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Zambia

The estimated population in 2005 was 11 478 000, of which 5 712 000 were male and 5 766 000 were female (1). In the same year, the population density was 15 people per square kilometre (1). The rural population in 2005 was 7 460 700, representing 65 percent of the total population (2), making the country one of Africa’s most urbanized (3). In 2007, 80.8 percent of the men and 60.3 percent of the women aged 15–64 were economically active (4).

The Gross Domestic Product (GDP) in 2001 was USD 3 639 million (3). Agriculture contributed about 22 percent of GDP, services 52 percent, manufacturing 11 percent, mining 4 percent and other sectors 11 percent (3). In 2004, per capita GDP was USD 353 (5). Per capita GDP dropped by 13 percent between independence in 1964 and 1980 and fell by another 20 percent in the decade to 1990 (3). When the country gained its independence, it was a major copper producer. For many years, copper and associated mineral production dominated the economy and contributed about half of GDP. In the 1970s and 1980s, the decline of the mining sector and falling international copper prices contributed to worsening the country’s economic performance. Recovery began with structural reforms, introduced in the early 1990s, to deregulate what once was a centrally-planned model. Copper continues to account for most of the country’s foreign exchange earnings (5).
 
The primary agricultural sector contributes about 22 percent of GDP, while the combined agro-food complex accounts for more than 40 percent of GDP (3). The economically active population engaged in agriculture in 2004 comprised 2 910 000 people (6) or 67 percent of the total labour force, with a per capita agricultural GDP of USD 92 (9). Crops and livestock contribute 65 percent and 35 percent, respectively, to agricultural value-added. The main food crops are maize [which is the main staple], sorghum, cassava and millet. Cash crops, including cotton, tobacco and vegetables, are gaining importance (5). The agricultural sector also produces raw materials for other industries; however, crop production fluctuates widely with rainfall. The country’s agricultural production is still dominated by small-scale farms cultivating landholdings of 1 to 5 ha. (5). Agricultural smallholders comprise 75 percent of the farming population (3). As of 2004, there were about 800 000 smallholders cultivating 1−5 ha of land.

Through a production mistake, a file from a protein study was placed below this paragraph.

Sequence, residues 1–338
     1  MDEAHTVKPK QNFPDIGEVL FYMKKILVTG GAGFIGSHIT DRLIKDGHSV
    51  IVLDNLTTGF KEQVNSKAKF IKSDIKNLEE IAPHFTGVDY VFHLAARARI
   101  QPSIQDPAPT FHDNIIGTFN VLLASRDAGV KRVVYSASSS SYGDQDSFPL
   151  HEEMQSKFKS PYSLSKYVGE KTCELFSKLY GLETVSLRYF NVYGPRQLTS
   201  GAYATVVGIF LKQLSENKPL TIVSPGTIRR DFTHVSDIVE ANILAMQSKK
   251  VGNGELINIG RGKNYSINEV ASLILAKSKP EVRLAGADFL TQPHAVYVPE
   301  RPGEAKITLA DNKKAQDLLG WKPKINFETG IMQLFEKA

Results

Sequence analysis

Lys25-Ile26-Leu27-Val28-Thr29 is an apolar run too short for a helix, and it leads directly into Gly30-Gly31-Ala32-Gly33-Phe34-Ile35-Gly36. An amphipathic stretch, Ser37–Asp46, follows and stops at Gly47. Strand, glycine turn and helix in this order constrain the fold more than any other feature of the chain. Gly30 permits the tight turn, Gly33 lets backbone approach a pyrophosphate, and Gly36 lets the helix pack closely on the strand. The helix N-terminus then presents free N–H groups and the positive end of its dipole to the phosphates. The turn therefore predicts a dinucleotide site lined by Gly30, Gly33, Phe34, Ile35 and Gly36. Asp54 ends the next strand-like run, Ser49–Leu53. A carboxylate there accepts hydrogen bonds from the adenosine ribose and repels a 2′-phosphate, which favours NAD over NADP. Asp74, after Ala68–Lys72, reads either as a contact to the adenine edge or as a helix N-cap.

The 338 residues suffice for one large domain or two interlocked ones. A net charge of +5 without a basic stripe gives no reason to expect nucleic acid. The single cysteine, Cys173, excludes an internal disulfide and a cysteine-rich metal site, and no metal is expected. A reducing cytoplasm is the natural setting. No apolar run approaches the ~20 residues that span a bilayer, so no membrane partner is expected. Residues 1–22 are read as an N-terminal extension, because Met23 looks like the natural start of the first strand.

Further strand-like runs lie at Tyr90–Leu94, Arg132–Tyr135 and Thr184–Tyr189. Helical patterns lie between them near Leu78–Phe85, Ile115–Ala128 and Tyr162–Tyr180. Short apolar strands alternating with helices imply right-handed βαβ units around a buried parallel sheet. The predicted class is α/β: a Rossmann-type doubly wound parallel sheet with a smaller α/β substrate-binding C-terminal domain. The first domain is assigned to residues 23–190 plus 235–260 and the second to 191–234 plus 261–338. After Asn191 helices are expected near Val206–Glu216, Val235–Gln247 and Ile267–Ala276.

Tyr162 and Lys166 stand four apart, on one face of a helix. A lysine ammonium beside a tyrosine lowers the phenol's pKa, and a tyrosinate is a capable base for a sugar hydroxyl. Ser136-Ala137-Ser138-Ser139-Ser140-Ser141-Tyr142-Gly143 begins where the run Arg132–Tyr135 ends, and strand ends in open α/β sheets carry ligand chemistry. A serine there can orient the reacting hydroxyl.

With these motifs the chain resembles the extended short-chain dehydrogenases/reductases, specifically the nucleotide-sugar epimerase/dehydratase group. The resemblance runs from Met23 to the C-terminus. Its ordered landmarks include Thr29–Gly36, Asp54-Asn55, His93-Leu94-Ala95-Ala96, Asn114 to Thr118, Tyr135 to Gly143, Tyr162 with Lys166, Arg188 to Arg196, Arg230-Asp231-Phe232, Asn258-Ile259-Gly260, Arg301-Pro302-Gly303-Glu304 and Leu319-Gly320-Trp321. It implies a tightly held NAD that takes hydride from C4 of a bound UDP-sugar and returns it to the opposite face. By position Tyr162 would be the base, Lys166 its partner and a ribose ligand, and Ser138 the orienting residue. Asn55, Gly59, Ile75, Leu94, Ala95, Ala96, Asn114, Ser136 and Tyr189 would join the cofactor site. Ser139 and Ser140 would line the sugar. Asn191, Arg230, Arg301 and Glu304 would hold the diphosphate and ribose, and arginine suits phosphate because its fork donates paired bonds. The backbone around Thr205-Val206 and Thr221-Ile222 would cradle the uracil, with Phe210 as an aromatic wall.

In 2006, with a Human Development Index (HDI) of 0.453, the country ranked 163rd out of the 179 countries measured (7). In 2004, 75 percent of the country’s population lived below the national poverty line and 64.3 percent lived under the USD 1 per day poverty line (8). In rural areas, 83.1 percent of all people live below the national poverty line compared with 56 percent of those residing in urban areas (8). About half the country’s children are stunted (2). The number of undernourished people in 2001−2003 was 5.1 million, making up 47 percent of the entire population (9). Life expectancy at birth was 43 years at independence in 1964; it rose to 51 years in 1980, but declined again to 40.5 years in 2005, mainly because of HIV/AIDS (3). The prevalence of HIV/AIDS among the adult population was 12.9 percent for men and 17.8 percent for women in 2002 (8). One in four households cares for at least one orphan and 8 percent of households below the national poverty line have recently lost an adult family member (3). The child mortality rate in 2003 was 182 per thousand live births (9). In 2007, literacy rates were 60.7 percent for women and 80.8 percent for men aged 15 and above (4).